Byline: Ira P. Schneiderman

NEW YORK--The march of the mass market continues.
Mass merchants expanded their share of apparel business in 1994, ringing up just under half of all such sales nationwide.
In the women's sector, which grew at an overall rate of 6.2 percent last year, mass merchants easily outperformed the market by adding $2.4 billion in sales, a 9 percent increase, according to NPD Group Inc.'s Consumer Purchase Panel.
Mass outlets--including discounters, factory outlet stores, warehouse clubs, off-price stores and national moderate chains such as Sears, Roebuck & Co. and J.C. Penney Co.--recorded total apparel sales of more than $64 billion, or 48 percent of the $135 billion market in 1994.
The results represent a 1 percent increase in market share and additional sales of $4.2 billion over the prior year.
In 1993, mass retailers achieved apparel sales of $60 billion, or about 47 percent of the $129 billion business, according to the NPD Consumer Purchase Panel.
At discount stores such as Wal-Mart Stores, Bradlees and Caldor, total apparel sales rose 7.7 percent in 1994, slightly under the 8.3 percent growth of 1993, according to NPD.
However, excluding the three largest discounters--Wal-Mart, Kmart Corp. and Target, a division of Dayton Hudson Corp.--apparel sales at all other discount stores increased only 2.9 percent last year, NPD said.
Michael Hand, vice president of NPD, said the sales growth for the three major discounters mirrored an industrywide retail trend that showed the large, national store chains increasing their market share at the expense of smaller, regional operators.
"It's true that the mass merchandisers gained share, but I think the more significant thing that's going on is that the big people are gaining share," he said. "When you look at department stores, the major ones--except for Mervyn's--have all done well at the expense of the other department stores."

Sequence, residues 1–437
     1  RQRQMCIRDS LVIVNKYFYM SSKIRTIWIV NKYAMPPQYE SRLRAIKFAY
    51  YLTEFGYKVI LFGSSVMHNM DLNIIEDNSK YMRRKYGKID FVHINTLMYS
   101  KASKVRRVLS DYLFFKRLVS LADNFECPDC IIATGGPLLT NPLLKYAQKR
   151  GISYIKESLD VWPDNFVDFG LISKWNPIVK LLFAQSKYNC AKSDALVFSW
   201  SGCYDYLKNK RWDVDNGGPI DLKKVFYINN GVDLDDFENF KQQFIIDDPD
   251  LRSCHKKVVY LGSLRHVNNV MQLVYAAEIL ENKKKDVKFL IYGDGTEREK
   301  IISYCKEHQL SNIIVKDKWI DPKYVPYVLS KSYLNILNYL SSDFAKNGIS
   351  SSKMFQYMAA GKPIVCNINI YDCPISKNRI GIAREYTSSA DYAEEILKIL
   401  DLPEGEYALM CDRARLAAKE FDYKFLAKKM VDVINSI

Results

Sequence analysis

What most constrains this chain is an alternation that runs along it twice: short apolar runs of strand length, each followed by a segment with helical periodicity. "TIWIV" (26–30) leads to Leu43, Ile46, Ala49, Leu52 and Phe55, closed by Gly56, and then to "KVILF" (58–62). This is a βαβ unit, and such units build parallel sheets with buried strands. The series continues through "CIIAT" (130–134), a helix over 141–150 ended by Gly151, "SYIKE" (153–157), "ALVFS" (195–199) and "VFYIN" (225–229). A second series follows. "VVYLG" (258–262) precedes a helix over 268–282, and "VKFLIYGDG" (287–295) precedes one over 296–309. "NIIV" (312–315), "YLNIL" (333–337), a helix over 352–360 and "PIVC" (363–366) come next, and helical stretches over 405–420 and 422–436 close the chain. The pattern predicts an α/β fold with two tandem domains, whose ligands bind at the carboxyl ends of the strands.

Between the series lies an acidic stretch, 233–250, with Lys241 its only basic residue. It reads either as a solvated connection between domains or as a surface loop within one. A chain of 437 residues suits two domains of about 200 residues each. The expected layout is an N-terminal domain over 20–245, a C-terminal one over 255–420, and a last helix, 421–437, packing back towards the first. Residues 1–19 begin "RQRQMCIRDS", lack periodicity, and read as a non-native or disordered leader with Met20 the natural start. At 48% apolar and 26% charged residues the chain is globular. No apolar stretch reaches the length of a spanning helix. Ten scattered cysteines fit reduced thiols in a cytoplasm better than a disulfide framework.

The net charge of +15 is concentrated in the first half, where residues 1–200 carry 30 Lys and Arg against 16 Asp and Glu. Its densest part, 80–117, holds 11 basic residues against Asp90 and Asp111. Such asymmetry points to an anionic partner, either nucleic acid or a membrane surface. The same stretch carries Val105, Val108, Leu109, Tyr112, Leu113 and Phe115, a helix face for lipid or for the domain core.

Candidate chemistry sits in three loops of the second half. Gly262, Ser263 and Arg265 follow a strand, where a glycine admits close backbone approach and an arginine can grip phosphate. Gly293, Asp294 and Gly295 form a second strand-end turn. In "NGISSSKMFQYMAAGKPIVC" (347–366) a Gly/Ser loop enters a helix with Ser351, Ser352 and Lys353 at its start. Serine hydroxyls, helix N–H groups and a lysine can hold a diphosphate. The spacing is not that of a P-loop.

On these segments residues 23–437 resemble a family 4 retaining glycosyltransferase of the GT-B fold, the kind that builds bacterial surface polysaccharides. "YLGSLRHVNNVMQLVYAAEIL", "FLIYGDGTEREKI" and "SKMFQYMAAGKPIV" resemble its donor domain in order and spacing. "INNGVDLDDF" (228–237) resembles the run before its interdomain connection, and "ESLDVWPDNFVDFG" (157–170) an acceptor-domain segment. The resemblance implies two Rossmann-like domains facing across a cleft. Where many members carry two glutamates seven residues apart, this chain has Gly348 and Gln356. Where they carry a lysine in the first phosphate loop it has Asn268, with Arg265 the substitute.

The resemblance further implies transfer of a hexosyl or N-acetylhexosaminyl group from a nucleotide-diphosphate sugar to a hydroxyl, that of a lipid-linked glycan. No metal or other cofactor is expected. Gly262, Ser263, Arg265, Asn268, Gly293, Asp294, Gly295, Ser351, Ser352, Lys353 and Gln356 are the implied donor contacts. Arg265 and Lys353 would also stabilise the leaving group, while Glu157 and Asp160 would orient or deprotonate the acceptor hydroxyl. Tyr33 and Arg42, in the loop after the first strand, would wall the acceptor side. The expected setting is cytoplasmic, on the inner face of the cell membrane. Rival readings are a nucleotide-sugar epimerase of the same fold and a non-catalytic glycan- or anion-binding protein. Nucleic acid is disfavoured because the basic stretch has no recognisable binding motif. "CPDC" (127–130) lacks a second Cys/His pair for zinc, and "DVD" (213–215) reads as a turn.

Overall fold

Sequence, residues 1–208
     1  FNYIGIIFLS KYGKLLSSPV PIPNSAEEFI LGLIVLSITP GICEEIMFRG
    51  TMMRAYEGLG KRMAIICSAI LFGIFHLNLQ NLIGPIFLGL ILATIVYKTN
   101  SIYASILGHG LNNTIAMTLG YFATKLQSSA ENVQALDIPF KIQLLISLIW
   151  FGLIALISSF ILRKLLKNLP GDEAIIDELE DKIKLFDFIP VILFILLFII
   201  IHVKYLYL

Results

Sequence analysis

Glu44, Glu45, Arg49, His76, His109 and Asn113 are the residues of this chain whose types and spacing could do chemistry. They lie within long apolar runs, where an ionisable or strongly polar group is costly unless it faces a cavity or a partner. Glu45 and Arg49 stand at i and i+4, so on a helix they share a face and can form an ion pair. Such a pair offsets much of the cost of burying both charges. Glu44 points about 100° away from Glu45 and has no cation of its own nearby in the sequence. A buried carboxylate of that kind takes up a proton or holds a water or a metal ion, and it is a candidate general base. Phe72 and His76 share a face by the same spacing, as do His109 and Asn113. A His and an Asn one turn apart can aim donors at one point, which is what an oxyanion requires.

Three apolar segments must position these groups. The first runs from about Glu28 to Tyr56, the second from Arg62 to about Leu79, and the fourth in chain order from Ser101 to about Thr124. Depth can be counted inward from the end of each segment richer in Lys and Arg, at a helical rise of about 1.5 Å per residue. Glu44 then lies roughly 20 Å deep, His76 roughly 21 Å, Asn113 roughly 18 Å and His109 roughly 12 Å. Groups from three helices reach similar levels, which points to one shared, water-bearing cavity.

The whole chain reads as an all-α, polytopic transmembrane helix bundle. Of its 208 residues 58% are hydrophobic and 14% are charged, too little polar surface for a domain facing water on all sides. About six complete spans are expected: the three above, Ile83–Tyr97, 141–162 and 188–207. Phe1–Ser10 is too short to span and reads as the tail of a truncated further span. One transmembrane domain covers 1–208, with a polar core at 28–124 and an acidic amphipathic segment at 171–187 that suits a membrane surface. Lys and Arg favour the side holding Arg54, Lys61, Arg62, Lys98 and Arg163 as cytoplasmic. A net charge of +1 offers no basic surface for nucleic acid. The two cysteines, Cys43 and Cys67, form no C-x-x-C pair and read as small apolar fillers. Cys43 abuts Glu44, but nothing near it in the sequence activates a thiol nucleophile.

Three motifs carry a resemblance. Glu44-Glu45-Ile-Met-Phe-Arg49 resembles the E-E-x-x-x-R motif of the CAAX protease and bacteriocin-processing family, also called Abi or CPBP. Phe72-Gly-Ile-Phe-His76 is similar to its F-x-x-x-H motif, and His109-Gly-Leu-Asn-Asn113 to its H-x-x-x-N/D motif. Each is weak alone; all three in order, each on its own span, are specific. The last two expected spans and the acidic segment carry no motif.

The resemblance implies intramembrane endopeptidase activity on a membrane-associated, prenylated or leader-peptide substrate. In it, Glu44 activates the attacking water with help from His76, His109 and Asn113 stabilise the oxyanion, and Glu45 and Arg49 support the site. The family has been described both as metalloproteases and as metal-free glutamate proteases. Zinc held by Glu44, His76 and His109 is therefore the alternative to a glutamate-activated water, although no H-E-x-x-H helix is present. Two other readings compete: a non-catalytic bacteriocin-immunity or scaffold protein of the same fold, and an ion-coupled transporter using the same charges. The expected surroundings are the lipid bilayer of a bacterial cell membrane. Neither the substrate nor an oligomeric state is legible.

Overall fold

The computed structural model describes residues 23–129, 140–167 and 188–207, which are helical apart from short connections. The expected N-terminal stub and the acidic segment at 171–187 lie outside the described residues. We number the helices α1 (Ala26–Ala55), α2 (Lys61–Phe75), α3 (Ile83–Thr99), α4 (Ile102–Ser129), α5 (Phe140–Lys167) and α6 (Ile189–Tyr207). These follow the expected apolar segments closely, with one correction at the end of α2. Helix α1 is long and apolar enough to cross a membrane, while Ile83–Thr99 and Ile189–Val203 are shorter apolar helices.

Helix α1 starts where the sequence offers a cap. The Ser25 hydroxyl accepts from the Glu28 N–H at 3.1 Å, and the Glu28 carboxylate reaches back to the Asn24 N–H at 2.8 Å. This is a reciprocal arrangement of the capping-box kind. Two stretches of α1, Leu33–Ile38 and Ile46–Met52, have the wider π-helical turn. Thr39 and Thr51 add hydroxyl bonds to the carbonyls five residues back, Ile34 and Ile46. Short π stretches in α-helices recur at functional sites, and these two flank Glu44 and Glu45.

Discounter Wal-Mart, the nation's largest retailer and on course to hit its $100 billion sales goal this year, led the way among all retailers in 1994 with double-digit sales gains in apparel, according to NPD data.
And the Bentonville, Ark.-based giant is bound to become an even greater force in apparel in 1995 with the addition of more brand names and an exclusive Kathie Lee Collection using television's Kathie Lee Gifford as the spokeswoman.
Last year's apparel gains at Wal-Mart were fueled by brands such as White Stag in the casual area, which did a "gangbusters" business, a Wal-Mart executive has said. Wal-Mart also added Faded Glory denim and Catalina sportswear and activewear this spring.
Undoubtedly, though, the Kathie Lee Collection is destined to become the star performer at Wal-Mart this year after its February rollout to 2,150 stores. The collection, including dresses, sportswear and accessories, is projected by some industry observers to easily exceed $250 million in retail sales this year and plans to expand the collection into intimate apparel, accessories and footwear are being considered.
With the Kathie Lee line, Wal-Mart is hoping it has finally found a way to attract the career customer, who has been a tough sell for the discounter in the past.
Penney's, a moderate department store, also showed double-digit gains for apparel in 1994, according to NPD. NPD did not release the increases for specific retailers.
A portion of Penney's success is due to its booming private label denim line, Original Arizona Jeans Co., which does more than $500 million wholesale in three categories, the retailer has said.
With aggressive expansion, Penney's estimates it can raise its total denim bottoms business to $2 billion annually in this decade, according to Thomas D. Hutchens, president of Penney's worldwide merchandising.